Wind power is one of the fastest-growing renewable energy technologies. Usage is on the rise worldwide, in part because costs are falling. Global installed wind-generation capacity onshore and offshore has increased by a factor of almost 75 in the past two decades, jumping from 7.5 gigawatts (GW) in 1997 to some 564 GW by 2018, according to IRENA's latest data. Production of wind electricity doubled between 2009 and 2013, and in 2016 wind energy accounted for 16% of the electricity generated by renewables. Many parts of the world have strong wind speeds, but the best locations for generating wind power are sometimes remote ones. Offshore wind power offers tremendous potential.
Wind turbines first emerged more than a century ago. Following the invention of the electric generator in the 1830s, engineers started attempting to harness wind energy to produce electricity. Wind power generation took place in the United Kingdom and the United States in 1887 and 1888, but modern wind power is considered to have been first developed in Denmark, where horizontal-axis wind turbines were built in 1891 and a 22.8-metre wind turbine began operation in 1897.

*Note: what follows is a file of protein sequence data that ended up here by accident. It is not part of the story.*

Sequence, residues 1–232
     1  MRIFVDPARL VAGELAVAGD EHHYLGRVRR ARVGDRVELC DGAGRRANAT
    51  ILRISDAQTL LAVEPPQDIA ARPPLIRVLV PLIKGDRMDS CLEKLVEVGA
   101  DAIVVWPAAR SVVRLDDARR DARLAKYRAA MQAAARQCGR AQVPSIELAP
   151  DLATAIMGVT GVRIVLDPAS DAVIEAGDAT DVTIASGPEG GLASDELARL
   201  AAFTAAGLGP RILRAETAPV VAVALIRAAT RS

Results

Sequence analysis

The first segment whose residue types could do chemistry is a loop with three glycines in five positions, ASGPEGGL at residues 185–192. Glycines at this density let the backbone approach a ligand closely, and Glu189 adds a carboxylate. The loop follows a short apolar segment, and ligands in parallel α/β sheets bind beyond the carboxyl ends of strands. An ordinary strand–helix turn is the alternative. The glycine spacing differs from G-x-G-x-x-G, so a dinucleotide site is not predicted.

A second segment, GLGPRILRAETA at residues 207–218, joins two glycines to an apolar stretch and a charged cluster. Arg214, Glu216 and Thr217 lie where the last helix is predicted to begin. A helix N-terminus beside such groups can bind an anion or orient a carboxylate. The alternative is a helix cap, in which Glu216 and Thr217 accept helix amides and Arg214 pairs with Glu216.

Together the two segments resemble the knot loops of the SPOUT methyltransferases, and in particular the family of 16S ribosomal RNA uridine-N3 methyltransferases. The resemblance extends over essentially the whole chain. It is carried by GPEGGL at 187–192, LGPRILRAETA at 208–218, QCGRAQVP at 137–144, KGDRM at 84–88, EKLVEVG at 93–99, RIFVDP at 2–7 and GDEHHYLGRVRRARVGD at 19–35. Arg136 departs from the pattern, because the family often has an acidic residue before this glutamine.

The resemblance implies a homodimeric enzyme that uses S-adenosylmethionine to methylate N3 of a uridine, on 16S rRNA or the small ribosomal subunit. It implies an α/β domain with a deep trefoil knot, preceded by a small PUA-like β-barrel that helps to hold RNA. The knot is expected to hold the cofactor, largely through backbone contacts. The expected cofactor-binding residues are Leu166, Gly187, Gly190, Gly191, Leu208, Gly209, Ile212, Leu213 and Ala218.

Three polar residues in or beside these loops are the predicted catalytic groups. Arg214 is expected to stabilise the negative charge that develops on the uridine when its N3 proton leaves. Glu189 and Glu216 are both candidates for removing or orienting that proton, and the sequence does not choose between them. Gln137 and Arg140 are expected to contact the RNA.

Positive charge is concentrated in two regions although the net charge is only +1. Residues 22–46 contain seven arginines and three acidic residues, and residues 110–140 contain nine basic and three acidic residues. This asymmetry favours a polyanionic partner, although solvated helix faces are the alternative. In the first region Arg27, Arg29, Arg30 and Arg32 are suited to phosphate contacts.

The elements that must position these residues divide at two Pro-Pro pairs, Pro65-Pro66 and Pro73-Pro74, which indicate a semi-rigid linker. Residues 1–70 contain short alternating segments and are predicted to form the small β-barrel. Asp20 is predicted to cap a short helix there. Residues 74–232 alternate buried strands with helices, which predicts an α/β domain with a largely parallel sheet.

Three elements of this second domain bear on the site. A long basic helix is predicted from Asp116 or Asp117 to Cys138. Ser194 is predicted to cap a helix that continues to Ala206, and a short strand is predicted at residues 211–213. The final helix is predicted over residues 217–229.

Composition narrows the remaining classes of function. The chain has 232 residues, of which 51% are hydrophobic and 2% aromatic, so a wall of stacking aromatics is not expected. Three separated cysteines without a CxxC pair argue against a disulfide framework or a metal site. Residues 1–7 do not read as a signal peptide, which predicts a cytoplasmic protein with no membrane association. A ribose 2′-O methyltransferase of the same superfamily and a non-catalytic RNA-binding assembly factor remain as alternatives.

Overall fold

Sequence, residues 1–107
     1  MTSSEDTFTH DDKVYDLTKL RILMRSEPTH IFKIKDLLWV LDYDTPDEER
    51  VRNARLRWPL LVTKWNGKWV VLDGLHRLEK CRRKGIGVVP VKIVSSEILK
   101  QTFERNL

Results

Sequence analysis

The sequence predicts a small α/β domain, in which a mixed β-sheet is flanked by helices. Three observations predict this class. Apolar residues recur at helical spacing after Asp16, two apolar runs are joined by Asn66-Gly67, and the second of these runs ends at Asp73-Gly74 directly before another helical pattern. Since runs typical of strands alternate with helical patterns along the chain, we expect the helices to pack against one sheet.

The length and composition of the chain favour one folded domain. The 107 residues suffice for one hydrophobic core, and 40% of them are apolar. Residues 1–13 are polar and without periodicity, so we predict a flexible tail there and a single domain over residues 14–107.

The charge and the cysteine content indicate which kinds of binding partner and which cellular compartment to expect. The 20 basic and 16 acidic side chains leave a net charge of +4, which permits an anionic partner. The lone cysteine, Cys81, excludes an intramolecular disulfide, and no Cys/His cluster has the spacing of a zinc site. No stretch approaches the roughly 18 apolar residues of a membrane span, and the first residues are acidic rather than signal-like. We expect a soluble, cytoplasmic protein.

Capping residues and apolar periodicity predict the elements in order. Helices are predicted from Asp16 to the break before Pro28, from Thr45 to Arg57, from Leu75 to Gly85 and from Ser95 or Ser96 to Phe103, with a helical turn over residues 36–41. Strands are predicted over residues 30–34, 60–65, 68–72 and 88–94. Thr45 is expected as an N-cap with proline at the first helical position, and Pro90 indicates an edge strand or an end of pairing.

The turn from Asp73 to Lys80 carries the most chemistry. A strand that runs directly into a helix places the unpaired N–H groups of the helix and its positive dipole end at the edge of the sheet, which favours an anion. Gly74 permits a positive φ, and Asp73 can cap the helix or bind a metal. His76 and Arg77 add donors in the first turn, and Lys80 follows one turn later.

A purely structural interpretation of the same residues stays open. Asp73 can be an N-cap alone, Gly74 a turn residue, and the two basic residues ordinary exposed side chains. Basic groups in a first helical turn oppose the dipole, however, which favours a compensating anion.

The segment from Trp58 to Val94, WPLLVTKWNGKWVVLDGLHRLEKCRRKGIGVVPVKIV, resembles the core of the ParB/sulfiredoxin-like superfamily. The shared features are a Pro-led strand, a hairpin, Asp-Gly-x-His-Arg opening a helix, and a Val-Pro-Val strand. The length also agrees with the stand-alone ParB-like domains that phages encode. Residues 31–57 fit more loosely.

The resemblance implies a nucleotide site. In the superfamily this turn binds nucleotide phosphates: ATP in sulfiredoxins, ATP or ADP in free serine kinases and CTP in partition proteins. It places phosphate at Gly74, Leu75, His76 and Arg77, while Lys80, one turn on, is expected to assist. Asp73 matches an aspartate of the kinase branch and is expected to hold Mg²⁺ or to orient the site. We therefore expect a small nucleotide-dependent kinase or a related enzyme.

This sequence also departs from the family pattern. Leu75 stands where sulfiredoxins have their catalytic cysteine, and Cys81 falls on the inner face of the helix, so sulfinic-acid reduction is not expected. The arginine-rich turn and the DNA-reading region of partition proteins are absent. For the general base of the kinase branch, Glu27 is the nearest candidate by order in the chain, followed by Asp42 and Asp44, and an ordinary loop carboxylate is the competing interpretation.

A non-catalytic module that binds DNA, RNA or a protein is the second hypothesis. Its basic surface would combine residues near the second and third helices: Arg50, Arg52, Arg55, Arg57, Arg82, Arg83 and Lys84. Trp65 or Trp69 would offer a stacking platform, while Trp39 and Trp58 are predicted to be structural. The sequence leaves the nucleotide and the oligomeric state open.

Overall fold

Wind is used to produce electricity using the kinetic energy created by air in motion. This is transformed into electrical energy using wind turbines or wind energy conversion systems. Wind first hits a turbine’s blades, causing them to rotate and turn the turbine connected to them. That changes the kinetic energy to rotational energy, by moving a shaft which is connected to a generator, and thereby producing electrical energy through electromagnetism.
The amount of power that can be harvested from wind depends on the size of the turbine and the length of its blades. The output is proportional to the dimensions of the rotor and to the cube of the wind speed. Theoretically, when wind speed doubles, wind power potential increases by a factor of eight.
Wind-turbine capacity has increased over time. In 1985, typical turbines had a rated capacity of 0.05 megawatts (MW) and a rotor diameter of 15 metres. Today’s new wind power projects have turbine capacities of about 2 MW onshore and 3–5 MW offshore.
Commercially available wind turbines have reached 8 MW capacity, with rotor diameters of up to 164 metres. The average capacity of wind turbines increased from 1.6 MW in 2009 to 2 MW in 2014.